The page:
In the wake of the WannaCry ransomware attack that crippled computer networks operated by public health and transportation systems in several countries, information security experts are coming up with new estimates that illustrate the cost of attacks perpetrated by malicious hackers.
A 2016 report by Infosecurity Magazine determined that losses from cybercrime incidents suffered by companies in the United Kingdom alone amounted to more than $30 billion. Another estimate published by respected insurance underwriter Lloyd’s of London put the cost of cybercrime at about $400 billion per year.
The most recent estimates on the cost of international hacking were calculated by the World Economic Forum during its 2017 summit with the assistance of Italian information security firm DF Labs. By 2020, the annual cost of losses related to data breaches, denial of service, identity theft, stolen documents, and bank fraud related to hacking will reach $2 trillion.
In the United States alone, the costs of cybercrime are estimated to be more than $200 billion on an annual basis. At the current rate of cybercrime incidence around the world, the most developed countries can expect to double their losses every couple of years.
The Real Cost of Cybercrime
A report published by networking giant Cisco suggests that nearly 30 percent of companies affected by a hacking attack suffered significant losses that go beyond losing a few days of operation. Furthermore, 23 percent of companies surveyed in Cisco’s Annual Cybersecurity Report were impacted by lost business opportunities caused by cyber attacks.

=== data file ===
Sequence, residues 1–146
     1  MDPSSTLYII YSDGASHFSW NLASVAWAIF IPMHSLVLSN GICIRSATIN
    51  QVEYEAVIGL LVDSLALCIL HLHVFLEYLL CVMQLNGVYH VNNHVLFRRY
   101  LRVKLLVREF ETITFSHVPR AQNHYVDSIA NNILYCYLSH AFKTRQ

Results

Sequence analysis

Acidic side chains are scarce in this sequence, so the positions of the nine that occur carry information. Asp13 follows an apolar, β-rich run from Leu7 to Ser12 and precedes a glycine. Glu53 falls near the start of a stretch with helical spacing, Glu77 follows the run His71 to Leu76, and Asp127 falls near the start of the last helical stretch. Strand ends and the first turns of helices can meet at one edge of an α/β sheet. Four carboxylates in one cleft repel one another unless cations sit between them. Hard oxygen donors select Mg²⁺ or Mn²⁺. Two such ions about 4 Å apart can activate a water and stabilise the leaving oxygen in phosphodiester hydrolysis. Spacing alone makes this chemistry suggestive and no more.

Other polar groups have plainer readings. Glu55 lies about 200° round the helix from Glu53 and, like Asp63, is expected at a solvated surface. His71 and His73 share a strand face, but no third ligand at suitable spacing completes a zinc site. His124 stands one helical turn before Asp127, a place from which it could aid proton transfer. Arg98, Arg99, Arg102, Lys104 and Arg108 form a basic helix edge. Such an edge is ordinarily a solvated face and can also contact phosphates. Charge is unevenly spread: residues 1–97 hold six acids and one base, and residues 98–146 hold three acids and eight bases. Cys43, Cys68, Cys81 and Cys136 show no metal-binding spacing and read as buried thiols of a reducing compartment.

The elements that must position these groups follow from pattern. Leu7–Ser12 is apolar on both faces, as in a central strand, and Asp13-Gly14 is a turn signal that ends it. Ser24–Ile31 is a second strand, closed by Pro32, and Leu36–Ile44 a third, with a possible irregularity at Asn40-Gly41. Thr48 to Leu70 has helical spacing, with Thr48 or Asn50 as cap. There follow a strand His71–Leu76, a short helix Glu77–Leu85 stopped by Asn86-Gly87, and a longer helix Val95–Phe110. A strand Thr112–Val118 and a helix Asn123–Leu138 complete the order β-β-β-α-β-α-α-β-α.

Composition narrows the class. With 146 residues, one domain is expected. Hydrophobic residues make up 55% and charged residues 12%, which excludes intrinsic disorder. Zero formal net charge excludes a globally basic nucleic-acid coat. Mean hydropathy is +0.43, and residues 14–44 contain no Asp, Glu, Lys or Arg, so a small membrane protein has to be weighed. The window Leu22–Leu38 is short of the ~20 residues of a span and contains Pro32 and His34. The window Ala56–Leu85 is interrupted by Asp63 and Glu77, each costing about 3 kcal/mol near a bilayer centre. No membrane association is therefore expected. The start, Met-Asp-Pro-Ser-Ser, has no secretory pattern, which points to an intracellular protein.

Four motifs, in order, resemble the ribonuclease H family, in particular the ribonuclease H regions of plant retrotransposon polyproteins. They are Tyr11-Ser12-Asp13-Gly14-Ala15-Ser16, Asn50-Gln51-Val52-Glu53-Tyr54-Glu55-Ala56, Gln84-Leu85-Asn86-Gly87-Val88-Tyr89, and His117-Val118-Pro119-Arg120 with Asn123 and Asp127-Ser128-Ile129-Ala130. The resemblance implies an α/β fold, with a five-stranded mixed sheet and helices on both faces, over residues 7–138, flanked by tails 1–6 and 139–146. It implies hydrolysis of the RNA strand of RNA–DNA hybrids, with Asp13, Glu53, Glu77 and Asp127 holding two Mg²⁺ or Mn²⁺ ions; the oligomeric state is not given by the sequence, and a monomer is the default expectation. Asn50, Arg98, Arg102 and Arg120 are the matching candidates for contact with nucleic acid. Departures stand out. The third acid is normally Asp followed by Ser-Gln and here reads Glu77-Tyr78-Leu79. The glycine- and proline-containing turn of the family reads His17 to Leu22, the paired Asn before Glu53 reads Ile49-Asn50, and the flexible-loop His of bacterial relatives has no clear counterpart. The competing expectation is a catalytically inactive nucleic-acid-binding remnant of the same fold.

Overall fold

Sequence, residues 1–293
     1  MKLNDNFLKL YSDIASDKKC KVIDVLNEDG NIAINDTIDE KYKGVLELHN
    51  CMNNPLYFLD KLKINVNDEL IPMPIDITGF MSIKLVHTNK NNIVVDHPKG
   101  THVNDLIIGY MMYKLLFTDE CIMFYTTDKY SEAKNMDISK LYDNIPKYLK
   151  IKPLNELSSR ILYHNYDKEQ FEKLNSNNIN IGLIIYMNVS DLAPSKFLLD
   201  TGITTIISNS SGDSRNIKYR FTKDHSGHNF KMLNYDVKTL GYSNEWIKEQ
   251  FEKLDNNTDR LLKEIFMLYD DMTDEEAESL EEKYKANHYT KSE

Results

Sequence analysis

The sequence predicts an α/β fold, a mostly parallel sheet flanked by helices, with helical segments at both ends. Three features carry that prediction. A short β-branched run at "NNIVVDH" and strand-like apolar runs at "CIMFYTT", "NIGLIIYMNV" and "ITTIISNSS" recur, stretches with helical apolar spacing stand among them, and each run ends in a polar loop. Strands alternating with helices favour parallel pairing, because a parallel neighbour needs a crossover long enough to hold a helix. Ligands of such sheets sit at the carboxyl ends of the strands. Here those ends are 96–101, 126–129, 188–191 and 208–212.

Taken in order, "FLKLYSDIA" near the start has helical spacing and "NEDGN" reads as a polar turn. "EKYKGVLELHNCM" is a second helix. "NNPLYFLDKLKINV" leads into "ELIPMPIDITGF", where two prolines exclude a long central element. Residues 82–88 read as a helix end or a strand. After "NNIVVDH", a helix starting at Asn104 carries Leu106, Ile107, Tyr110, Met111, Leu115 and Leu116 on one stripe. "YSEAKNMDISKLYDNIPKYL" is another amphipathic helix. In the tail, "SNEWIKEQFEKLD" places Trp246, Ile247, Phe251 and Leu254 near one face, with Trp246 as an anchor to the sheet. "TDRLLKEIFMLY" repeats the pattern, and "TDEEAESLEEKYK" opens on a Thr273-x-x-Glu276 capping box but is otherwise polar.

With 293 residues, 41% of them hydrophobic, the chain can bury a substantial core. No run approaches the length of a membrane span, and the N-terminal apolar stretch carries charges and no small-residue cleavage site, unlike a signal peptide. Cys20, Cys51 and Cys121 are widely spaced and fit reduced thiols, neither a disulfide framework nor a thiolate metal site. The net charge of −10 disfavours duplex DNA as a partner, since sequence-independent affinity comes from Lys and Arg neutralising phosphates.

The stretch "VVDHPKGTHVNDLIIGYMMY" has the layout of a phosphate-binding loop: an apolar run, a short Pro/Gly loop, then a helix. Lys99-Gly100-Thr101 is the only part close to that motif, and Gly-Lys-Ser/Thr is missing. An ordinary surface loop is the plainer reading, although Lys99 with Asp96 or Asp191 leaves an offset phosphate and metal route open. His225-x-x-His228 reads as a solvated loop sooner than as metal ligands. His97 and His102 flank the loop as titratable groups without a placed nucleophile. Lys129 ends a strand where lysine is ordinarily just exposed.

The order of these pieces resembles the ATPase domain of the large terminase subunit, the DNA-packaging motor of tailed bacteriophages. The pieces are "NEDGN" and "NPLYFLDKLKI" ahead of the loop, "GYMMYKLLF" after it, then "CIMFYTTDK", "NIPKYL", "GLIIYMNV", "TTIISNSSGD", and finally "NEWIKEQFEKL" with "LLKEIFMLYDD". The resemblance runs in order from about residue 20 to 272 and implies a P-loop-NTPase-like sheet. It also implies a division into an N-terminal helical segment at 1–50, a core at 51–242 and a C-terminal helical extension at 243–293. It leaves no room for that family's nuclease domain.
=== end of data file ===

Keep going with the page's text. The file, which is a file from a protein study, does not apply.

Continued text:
The Cisco report has some good news: attack methods used by malicious hackers tend to become less effective as time goes by. The problem is that cybercrime rings continue to research new exploits, attack vectors and potential situations for social engineering.
The Internet of Things is a Landscape Ripe for Hacking
One of the most pressing concerns for information security researchers is the growing number of smart devices that make up the Internet of Things, abbreviated as IoT. These devices are of great interest to hackers since they can be exploited as gateways to home and office networks.
Researchers from the Yale Law School’s Information Society Project believe that there is a pressing need to come up with international legal standards for IoT manufacturers to follow, particularly with regard to default passwords and initial security measures shipped with IoT devices.
Until recently, wireless routers were an easy attack vector for hackers because default passwords were leaked on internet forums. Let’s say a small business in North Dakota uses a wireless router connected to a satellite internet modem; if the router is an older model that has not been updated in the last few years, there is a chance that hackers will find flaws in the firmware that would allow them to penetrate the network.
Sophisticated Hacking Tools
Another problem being faced by the information security community is that the level of sophistication being acquired by hackers has grown exponentially, and this is related to the development of cyber warfare.
The intrusion into the email servers of Sony Pictures a few years ago was perpetrated by hackers associated with the North Korean regime in retaliation for the release of a comedy film that painted dictator Kim Jong Un as the target of an assasination. Another example of government sponsored hacking was the cyber attack perpetrated against the Democratic National Committee in the United States during the candidacy of former Secretary of State Hillary Clinton; this attack is believed to have been carried out by the Kremlin.
The problem with state-sponsored cyber warfare is that it is often conducted by hackers who also deal in cybercrime, which means that they can share powerful hacking tools with the underworld. In the case of the aforementioned WannaCry ransomware attack, the exploit was stolen from the National Security Agency and posted on public forums.
In the end, the threat environment for data networks is becoming riskier and more dangerous, which explains why the cost of cyber attacks is bound to increase over the next few years.
by: Lee Flynn